Keywords: OOD generalization, Diversity, Ensemble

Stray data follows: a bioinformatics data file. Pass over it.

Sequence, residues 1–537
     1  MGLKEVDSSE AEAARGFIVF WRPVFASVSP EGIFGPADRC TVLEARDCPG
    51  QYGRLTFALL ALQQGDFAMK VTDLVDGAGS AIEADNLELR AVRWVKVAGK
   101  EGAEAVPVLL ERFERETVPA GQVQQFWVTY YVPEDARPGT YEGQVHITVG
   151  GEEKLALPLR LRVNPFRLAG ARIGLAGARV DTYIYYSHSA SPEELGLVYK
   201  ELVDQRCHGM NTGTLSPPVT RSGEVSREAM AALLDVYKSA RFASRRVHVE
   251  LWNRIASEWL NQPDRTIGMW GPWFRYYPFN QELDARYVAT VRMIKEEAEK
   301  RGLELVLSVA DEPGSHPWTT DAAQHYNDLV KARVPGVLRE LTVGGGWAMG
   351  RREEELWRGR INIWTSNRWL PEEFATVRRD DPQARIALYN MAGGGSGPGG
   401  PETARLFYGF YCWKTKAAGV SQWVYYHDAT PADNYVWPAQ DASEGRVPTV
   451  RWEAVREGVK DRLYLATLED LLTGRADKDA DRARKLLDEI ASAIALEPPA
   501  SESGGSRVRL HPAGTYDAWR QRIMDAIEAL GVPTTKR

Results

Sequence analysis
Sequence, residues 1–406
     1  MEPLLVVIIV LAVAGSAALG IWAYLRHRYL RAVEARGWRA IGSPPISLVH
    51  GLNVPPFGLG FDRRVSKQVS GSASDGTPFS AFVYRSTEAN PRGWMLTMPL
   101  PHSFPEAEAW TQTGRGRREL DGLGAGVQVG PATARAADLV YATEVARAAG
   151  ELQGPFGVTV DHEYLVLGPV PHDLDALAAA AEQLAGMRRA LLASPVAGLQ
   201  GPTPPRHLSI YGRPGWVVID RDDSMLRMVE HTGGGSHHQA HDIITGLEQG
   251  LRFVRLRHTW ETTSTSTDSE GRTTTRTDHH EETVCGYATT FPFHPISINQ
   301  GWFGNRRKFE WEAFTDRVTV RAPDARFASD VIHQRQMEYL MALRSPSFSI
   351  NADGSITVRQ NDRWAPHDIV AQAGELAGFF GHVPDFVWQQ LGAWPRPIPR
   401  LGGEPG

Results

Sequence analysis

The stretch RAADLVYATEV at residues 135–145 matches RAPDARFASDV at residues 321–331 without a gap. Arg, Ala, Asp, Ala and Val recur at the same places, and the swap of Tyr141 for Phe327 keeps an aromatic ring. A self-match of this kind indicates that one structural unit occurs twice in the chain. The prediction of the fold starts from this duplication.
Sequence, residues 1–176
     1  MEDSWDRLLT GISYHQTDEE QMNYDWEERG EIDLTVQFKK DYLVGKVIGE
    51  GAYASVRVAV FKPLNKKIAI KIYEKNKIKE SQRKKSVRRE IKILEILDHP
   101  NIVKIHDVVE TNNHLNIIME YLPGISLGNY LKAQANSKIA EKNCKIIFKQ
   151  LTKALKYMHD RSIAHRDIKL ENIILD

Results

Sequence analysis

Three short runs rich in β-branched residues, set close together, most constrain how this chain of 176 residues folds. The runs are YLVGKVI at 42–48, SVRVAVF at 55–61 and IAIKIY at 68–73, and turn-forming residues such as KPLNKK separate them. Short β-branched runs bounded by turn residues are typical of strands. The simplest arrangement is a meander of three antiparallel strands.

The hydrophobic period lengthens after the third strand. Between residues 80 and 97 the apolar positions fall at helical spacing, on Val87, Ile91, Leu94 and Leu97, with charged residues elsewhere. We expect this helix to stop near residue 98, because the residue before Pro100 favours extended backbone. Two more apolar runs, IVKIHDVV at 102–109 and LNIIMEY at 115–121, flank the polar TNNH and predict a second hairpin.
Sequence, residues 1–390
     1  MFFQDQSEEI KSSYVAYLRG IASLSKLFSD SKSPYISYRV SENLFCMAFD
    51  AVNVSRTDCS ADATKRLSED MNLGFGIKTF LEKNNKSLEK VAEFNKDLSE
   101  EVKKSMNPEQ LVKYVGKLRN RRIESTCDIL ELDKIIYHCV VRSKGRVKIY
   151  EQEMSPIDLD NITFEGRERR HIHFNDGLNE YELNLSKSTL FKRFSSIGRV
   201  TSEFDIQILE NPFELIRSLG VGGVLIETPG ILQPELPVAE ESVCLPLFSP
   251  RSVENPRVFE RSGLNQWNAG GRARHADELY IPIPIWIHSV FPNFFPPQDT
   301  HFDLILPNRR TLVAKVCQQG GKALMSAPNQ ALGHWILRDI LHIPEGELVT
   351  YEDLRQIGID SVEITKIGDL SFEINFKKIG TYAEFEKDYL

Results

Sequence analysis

Abstract: Gradient-based learning algorithms have an implicit simplicity bias which in effect can limit the diversity of predictors being sampled by the learning procedure. This behavior can hinder the transferability of trained models by (i) favoring the learning of simpler but spurious features --- present in the training data but absent from the test data --- and (ii) by only leveraging a small subset of predictive features. Such an effect is especially magnified when the test distribution does not exactly match the train distribution---referred to as the Out of Distribution (OOD) generalization problem. However, given only the training data, it is not always possible to apriori assess if a given feature is spurious or transferable. Instead, we advocate for learning an ensemble of models which capture a diverse set of predictive features. Towards this, we propose a new algorithm D-BAT (Diversity-By-disAgreement Training), which enforces agreement among the models on the training data, but disagreement on the OOD data. We show how D-BAT naturally emerges from the notion of generalized discrepancy, as well as demonstrate in multiple experiments how the proposed method can mitigate shortcut-learning, enhance uncertainty and OOD detection, as well as improve transferability.